Challenges and Limitations of Minimal Invasive Cardiac Surgery
Minimal-invasive cardiac surgery (MICS) has gained popularity as a less invasive
alternative to traditional open-heart surgery. While MICS offers numerous
advantages, including shorter hospital stays and faster recovery times, there
are also challenges and limitations associated with these techniques. This
article aims to discuss the challenges that surgeons may face when performing
minimal invasive procedures and the limitations of this approach.
Challenges of Minimal Invasive Cardiac
surgical field: One primary challenge of MICS is the limited exposure of the
surgical field. Compared to open-heart surgery, MICS requires smaller
incisions, leading to a restricted view of the heart and surrounding
structures. This limited access can make it challenging for surgeons to perform
complex procedures or manipulate delicate tissues.
Technical expertise: Performing MICS requires advanced technical
skills and specialized equipment. Surgeons must be proficient in using
video-assisted technologies and operating through small incisions with precise
movements. The learning curve for these techniques can be steep, requiring
extensive training and experience.
Instrumentation limitations:The instruments used in MICS are specifically
designed for the minimally invasive approach. However, these instruments may
have limitations in terms of maneuverability and functionality compared to
traditional open surgery instruments. The restricted range of motion can pose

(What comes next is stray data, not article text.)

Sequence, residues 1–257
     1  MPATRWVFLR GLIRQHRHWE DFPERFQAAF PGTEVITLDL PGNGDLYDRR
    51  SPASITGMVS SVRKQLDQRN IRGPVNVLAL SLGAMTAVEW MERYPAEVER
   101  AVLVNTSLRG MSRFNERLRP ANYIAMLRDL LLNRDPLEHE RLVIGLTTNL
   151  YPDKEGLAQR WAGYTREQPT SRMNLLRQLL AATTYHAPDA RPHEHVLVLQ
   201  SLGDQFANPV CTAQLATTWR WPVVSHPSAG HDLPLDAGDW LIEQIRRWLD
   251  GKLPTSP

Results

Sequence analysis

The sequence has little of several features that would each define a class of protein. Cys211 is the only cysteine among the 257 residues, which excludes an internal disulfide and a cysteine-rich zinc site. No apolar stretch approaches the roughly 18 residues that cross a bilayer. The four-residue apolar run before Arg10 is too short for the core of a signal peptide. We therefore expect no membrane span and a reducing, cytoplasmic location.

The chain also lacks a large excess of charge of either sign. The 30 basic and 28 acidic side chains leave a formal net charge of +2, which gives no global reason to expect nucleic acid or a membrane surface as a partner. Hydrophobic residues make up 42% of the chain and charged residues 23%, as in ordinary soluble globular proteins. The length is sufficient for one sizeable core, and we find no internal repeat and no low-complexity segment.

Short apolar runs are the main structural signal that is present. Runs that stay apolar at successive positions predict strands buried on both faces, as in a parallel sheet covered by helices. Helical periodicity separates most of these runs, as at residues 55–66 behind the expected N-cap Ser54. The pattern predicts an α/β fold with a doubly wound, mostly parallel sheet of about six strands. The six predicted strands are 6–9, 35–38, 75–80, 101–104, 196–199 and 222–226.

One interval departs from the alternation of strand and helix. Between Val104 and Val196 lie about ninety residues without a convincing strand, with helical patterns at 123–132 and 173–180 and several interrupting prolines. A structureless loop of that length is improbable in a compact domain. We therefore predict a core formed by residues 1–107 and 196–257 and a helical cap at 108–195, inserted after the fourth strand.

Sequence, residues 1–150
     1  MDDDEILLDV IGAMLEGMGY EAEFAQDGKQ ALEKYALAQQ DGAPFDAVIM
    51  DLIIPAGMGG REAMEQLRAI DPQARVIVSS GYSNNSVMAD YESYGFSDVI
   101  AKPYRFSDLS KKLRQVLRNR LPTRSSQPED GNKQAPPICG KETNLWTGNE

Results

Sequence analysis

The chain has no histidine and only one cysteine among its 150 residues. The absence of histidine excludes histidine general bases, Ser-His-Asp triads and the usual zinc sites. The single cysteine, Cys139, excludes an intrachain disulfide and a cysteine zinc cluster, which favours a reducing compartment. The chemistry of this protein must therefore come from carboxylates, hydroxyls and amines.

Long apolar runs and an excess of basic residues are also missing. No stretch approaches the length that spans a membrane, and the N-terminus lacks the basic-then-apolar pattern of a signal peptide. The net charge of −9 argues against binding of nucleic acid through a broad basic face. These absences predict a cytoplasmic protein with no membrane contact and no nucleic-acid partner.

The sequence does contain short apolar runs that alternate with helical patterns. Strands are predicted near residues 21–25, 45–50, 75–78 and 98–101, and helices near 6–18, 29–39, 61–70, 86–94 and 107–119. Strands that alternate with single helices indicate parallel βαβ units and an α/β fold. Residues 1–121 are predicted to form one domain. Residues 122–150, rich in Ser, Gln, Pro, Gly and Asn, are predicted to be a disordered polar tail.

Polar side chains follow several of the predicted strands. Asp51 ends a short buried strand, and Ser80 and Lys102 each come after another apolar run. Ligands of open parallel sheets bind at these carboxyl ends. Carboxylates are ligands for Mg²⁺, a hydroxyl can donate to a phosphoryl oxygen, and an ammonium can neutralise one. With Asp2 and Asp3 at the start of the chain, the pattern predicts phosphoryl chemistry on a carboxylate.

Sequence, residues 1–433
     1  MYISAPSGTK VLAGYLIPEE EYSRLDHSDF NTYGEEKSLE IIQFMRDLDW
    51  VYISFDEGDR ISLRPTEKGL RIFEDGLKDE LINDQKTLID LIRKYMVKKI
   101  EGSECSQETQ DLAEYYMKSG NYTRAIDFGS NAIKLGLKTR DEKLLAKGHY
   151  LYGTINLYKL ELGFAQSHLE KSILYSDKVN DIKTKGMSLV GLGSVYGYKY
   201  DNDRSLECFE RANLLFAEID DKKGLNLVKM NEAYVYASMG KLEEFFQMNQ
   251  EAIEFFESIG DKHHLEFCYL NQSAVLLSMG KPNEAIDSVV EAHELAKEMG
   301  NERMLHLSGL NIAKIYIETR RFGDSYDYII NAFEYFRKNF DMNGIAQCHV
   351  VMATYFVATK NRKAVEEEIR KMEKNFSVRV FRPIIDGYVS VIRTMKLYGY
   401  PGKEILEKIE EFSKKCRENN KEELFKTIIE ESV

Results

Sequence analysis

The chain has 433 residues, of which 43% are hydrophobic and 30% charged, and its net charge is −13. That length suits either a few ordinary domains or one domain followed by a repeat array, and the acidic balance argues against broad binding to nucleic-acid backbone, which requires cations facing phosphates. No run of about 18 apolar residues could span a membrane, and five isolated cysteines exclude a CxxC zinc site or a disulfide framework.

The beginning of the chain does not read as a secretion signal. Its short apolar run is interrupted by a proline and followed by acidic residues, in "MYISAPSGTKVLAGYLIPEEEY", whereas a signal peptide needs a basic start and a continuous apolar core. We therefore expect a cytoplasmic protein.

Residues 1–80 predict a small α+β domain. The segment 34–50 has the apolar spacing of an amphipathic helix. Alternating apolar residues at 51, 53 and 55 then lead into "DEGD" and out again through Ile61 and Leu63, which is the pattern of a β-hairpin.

challenges when performing intricate procedures.
Patient selection:Not all patients are suitable candidates for
MICS. Factors such as previous surgeries, anatomical variations, or complex
cardiac conditions can make it difficult to perform minimal invasive
procedures. Surgeons must carefully evaluate each patient to determine their
eligibility for MICS and decide whether an open approach is more appropriate.
Limitations of Minimal Invasive
to complex cases: MICS is well-suited for specific cardiac conditions, such as
isolated valve repair or small coronary artery bypass grafting. However, it may
not be the preferred approach for more complex cases, such as multiple valve or
coronary artery disease. In these situations, open-heart surgery may still be
necessary to ensure optimal outcomes.
Learning curve and cost: MICS techniques and equipment require
additional training and investment. Surgeons need to undergo specialized
training to become proficient in minimal invasive procedures. Additionally, the
cost of equipment and instrumentation associated with MICS can be higher than
traditional open surgery, which may limit its availability in certain
Increased operative time: Performing MICS often requires more setup
time and meticulous surgical techniques, which may result in longer operative
times compared to open-heart surgery. The extended duration of surgery can
increase the risk of complications and may not be suitable for patients with specific
Conversion to open surgery: During a MICS procedure, there is a
possibility that unforeseen circumstances or complications may require the
surgeon to convert to an open surgery approach. In cases where the minimal
invasive technique becomes technically challenging or unsafe, converting to
open surgery may be necessary to ensure patient safety.
Dr. Sanket Garg
Sr. Consultant - Cardiac Surgeon
Metro Hospital & Heart Institute, Meerut UP